A History of the County of Durham: Volume 3. Originally published by Victoria County History, London, 1928.
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The ancient parish of St. Oswald (fn. 1) lay around three sides of the city of Durham and occupied all the right bank of the Wear, the boundary following the course of the river from Blackdene Burn southwards as far as Pelaw Wood Beck, from the top of which it mounted the moor, skirted Shirburn House and then, after making a great loop eastwards, regained the Wear. It thus included the modern districts of Finchale, Framwellgate and Framwellgate Moor, Broom, Neville's Cross, Crossgate, Old and New Elvet, Old Durham, Shincliffe, Croxdale and Sunderland Bridge. At an early date part of the parish was assigned to the chapelry of St. Margaret, which obtained parochial rights in the 15th century. From this time St. Oswald's included the settlements (fn. 2) of Old Durham, Houghall, Burn Hall, Relley, Broom, Shincliffe, Butterby, Croxdale and Sunderland Bridge, while St. Margaret's served Crossgate, Neville's Cross, the Bellasis, Framwellgate, Sidgate and Crookhall, Aykley Heads, Framwellgate Moor, Dryburn, Windy Hills, Hag House, Cater House, Newton by Durham, Frankland and Harber House. With the growth of population, (fn. 3) however, the arrangement has undergone considerable change. (fn. 4)
The civil parishes have experienced some modification under the provisions of the Local Government Act of 1894. (fn. 5) Neville's Cross was then formed from Crossgate and Framwellgate from the portion of Framwellgate within the borough of Durham. In 1895 a part of the civil parish of Bearpark was attached to the parish of St. Oswald, while ten years later the boundary of the borough was extended to in clude part of the civil parish of Framwellgate Moor. As constituted in 1898 the civil parish of Framwellgate contained 148 acres, Framwellgate Moor 3,801 acres, Neville's Cross 429 acres, Crossgate 74 acres, Elvet 256 acres, Shincliffe 1,377 acres, Sunderland Bridge 1,438 acres, Broom 1,076 acres and St. Oswald itself 2,227 acres.
The Priory of Durham in the 14th century had a house at Elvet-hall or Hallgarth, from which Hallgarth Street takes its name, (fn. 6) where distinguished guests were sometimes entertained. (fn. 7) In the hall in 1371 there were hangings one showing armed men and another of green with a blue leopard, while in the chamber were costly beds with covers adorned with lilies, roses, butterflies, leopards and eagles. (fn. 8) There is some reason for thinking that the Hallgarth was kept in the actual possession of the Priory until the Dissolution, but from this time onwards it became merely two farm houses usually occupied by foremen or 'hinds.' (fn. 9)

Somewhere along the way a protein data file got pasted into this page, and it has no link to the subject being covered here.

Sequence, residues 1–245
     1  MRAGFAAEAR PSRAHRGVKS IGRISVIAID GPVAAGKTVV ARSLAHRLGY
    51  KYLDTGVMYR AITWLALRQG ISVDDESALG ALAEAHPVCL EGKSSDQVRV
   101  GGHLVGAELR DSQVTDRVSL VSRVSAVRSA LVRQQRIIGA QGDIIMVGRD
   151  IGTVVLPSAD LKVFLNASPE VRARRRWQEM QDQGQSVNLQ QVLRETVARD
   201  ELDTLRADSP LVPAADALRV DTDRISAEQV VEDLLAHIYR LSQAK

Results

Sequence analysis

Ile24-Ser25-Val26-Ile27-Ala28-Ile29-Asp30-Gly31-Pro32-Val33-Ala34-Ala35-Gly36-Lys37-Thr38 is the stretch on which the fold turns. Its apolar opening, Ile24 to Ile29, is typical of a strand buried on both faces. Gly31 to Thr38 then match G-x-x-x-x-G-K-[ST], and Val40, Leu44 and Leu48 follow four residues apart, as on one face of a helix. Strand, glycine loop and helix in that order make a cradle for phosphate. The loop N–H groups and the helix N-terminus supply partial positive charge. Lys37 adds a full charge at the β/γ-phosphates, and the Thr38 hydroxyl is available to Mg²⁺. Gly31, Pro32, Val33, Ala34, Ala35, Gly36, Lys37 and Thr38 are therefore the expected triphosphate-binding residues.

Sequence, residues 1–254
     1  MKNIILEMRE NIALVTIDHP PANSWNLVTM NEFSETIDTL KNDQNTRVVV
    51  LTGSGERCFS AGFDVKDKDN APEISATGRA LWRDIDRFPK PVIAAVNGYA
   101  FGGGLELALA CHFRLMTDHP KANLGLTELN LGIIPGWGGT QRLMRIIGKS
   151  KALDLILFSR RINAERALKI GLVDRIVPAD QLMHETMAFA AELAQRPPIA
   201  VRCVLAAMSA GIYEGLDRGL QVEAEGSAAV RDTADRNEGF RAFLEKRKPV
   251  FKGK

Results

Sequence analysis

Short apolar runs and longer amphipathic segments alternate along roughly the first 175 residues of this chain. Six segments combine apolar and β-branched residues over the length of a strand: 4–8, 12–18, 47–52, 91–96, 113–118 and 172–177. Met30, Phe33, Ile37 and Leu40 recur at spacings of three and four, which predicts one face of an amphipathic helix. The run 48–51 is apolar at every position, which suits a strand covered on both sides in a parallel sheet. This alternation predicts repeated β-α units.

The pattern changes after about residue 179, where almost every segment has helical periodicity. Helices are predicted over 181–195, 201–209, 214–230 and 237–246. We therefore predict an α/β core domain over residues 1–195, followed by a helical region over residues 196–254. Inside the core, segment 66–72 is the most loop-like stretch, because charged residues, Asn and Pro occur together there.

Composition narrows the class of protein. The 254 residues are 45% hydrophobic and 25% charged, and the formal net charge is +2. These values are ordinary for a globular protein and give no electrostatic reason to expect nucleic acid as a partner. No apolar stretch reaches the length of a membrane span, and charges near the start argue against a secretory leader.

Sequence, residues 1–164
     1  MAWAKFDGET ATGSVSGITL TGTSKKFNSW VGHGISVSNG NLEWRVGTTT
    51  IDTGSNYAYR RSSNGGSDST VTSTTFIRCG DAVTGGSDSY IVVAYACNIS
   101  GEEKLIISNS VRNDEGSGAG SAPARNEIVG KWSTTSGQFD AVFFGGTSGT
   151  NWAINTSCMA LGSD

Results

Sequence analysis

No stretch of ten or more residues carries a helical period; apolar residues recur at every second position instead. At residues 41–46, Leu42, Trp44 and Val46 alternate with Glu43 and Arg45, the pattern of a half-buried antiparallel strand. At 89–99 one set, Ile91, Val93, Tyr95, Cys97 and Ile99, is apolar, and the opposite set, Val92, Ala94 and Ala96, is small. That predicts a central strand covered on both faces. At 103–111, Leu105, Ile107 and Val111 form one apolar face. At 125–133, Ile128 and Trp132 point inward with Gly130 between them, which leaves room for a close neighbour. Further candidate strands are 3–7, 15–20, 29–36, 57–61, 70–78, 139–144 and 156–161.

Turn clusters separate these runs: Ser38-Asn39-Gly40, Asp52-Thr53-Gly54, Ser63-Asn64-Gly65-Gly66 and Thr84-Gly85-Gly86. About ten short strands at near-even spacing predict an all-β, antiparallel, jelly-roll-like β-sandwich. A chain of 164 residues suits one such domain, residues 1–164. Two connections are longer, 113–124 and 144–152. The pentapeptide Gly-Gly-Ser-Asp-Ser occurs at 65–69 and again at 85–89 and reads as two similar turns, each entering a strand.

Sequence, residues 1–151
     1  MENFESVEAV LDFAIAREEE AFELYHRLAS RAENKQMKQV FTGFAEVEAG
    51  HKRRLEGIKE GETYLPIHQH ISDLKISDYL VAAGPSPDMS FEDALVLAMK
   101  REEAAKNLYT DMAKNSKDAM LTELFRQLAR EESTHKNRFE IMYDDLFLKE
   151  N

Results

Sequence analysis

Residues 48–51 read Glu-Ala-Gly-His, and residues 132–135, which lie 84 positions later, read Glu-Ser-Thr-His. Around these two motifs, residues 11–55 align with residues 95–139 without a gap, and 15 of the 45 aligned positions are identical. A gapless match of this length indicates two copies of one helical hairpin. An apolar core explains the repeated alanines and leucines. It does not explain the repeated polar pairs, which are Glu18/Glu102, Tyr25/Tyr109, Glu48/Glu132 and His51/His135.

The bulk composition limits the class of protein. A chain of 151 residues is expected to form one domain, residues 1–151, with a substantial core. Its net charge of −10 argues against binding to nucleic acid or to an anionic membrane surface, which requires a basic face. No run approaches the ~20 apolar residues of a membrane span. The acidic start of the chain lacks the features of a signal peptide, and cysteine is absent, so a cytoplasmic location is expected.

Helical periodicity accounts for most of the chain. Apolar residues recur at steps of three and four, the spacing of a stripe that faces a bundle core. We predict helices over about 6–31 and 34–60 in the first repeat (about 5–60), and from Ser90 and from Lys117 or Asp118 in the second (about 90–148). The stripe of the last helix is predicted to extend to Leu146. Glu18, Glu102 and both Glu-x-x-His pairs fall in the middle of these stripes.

Just south of Maiden Castle Wood is the Shincliffe road, its junction with Hallgarth Street being marked by Philipson's Cross, of unknown origin. The conical hill called Mountjoy has at least a legendary history, for it was from this point that the weary monks first beheld the resting place they sought for the body of St. Cuthbert. The Great High Wood on the hill to the south and east of Mountjoy is perhaps the 'East Wood or St. Cuthbert's Place' (fn. 10) mentioned in 1442, the Little High Wood being perhaps the West Wood mentioned at the same date. Charlay's Cross, (fn. 11) at the junction of the Bishop Auckland road, Church Street and Quarryheads Lane, is connected with the close called Charlay in 1442, (fn. 12) when mention is also made of Fourudhclose or Welleshead, Dedrygh, Dedryghbanks, Swallowhopp, Allers, le Peth and the ditch called Langmardyke. Palmer's close, (fn. 13) between Charlay's Cross and the river, was called 'Palman closse' in 1541, when mention is also made of Kirkecroft and of the Smithyhaughs (fn. 14) which have been used as a racecourse since 1733. (fn. 15)
In spite of modern building developments, St. Oswald's church still stands on the outskirts of Elvet. St. Oswald's Well (fn. 16) lies between the river 'Bank' and the east end of the church, and a pathway leads through the churchyard to Elvet Bank and its picturesque slope to the river below. Much of the land between the Wear and the road has been cut up for allotment gardens.